By Helen Epstein
Today, Western nations give $3.5 billion a year in aid to Ethiopia, most of it for health care projects, food aid, and other development programs. Of this, the US alone provides roughly $700 million—an amount that has quintupled in the past decade, even as the nation’s human rights record has deteriorated to the point that Freedom House now designates it one of the least free countries in the world. The Ethiopian government has rigged elections, taken control of the economy, and outlawed virtually all independent media and human rights activity in the country—including work related to women and children’s rights, good governance, and conflict resolution. Thousands of political prisoners languish behind bars and dozens of editors, journalists, judges, lawyers, and academics have been forced into exile.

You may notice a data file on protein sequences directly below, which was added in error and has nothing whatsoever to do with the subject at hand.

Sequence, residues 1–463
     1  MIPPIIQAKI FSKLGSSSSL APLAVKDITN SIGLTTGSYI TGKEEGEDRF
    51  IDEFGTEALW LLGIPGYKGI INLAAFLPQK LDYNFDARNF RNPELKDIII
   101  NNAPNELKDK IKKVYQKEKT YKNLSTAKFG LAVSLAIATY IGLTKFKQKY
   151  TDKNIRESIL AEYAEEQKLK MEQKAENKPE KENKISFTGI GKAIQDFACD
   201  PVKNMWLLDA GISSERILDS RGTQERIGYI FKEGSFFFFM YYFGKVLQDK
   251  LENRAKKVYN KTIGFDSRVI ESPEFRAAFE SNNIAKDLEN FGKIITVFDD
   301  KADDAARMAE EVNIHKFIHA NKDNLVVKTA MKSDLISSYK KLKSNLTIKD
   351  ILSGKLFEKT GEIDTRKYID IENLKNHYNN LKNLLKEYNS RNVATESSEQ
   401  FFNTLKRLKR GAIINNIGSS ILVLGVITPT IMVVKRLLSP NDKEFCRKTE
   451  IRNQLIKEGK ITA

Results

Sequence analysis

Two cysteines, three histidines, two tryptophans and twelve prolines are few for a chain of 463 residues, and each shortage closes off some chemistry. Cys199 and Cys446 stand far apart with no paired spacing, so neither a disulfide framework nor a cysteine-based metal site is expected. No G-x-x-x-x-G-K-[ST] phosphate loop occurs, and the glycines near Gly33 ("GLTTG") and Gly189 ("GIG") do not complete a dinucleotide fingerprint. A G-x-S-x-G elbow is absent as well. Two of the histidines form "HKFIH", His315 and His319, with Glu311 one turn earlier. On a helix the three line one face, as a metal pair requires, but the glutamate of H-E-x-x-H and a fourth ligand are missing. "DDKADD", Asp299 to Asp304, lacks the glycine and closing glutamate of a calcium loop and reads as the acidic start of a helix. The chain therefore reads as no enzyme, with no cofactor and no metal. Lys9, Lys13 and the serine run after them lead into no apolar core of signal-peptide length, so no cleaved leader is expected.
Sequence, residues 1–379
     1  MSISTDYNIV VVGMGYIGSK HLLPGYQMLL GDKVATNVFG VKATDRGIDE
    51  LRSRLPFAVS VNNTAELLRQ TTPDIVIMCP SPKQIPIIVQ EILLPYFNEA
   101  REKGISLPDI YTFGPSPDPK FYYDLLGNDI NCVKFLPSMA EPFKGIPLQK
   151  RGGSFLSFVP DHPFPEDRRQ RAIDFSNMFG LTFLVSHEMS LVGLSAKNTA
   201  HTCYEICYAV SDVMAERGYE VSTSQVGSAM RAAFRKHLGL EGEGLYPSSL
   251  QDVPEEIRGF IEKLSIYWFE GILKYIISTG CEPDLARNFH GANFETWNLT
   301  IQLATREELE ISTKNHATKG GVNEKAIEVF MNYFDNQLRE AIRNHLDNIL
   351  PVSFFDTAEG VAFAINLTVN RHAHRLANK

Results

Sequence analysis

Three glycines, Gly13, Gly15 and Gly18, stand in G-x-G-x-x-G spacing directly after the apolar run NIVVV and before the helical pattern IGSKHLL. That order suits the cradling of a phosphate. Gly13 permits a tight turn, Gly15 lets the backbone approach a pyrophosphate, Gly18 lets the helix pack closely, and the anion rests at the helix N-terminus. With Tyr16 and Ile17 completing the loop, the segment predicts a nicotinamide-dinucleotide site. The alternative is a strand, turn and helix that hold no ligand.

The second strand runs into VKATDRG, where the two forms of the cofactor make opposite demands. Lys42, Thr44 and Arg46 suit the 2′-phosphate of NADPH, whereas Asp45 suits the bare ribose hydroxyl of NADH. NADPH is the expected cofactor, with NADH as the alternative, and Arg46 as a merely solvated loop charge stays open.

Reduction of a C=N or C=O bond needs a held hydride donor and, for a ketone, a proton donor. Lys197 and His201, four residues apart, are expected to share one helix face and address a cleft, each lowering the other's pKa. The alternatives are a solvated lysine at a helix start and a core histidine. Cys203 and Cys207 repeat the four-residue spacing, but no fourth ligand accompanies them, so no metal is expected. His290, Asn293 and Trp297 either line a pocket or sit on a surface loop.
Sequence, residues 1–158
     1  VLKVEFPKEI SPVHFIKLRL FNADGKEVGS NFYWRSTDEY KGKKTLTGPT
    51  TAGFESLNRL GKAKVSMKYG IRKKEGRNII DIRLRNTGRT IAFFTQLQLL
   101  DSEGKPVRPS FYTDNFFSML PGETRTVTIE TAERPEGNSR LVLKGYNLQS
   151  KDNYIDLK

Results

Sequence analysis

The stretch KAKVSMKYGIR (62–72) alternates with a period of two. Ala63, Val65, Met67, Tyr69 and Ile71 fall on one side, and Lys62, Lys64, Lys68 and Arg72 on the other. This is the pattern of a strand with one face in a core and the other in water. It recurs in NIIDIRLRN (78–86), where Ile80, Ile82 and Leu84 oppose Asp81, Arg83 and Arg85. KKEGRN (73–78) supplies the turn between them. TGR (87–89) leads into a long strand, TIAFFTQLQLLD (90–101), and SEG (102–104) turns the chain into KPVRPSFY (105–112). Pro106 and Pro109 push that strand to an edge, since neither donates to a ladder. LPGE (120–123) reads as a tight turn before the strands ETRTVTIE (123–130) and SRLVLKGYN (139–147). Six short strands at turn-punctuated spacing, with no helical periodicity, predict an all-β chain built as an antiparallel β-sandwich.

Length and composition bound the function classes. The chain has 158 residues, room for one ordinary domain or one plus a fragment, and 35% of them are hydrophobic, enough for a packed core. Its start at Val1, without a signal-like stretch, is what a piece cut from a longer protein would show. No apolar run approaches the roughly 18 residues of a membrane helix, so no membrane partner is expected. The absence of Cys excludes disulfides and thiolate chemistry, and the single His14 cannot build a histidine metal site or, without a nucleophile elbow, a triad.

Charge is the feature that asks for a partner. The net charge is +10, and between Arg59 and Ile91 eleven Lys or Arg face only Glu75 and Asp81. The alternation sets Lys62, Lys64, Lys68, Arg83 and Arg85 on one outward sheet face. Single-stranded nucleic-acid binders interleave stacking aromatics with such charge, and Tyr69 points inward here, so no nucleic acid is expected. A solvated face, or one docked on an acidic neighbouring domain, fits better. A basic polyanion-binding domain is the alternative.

But when Ethiopian Prime Minister Meles Zenawi died last summer, then-US Ambassador to the United Nations Susan Rice praised him as a personal friend and a “talented and vital leader.” When she remarked that “he had little patience for fools, or ‘idiots,’ as he liked to call them,” some in the opposition believed she was referring to them—and approving Meles’s sentiments. Rice’s support for authoritarian leaders in Africa was highlighted by critics who opposed—and ultimately derailed—her nomination to be secretary of state. Click here to read more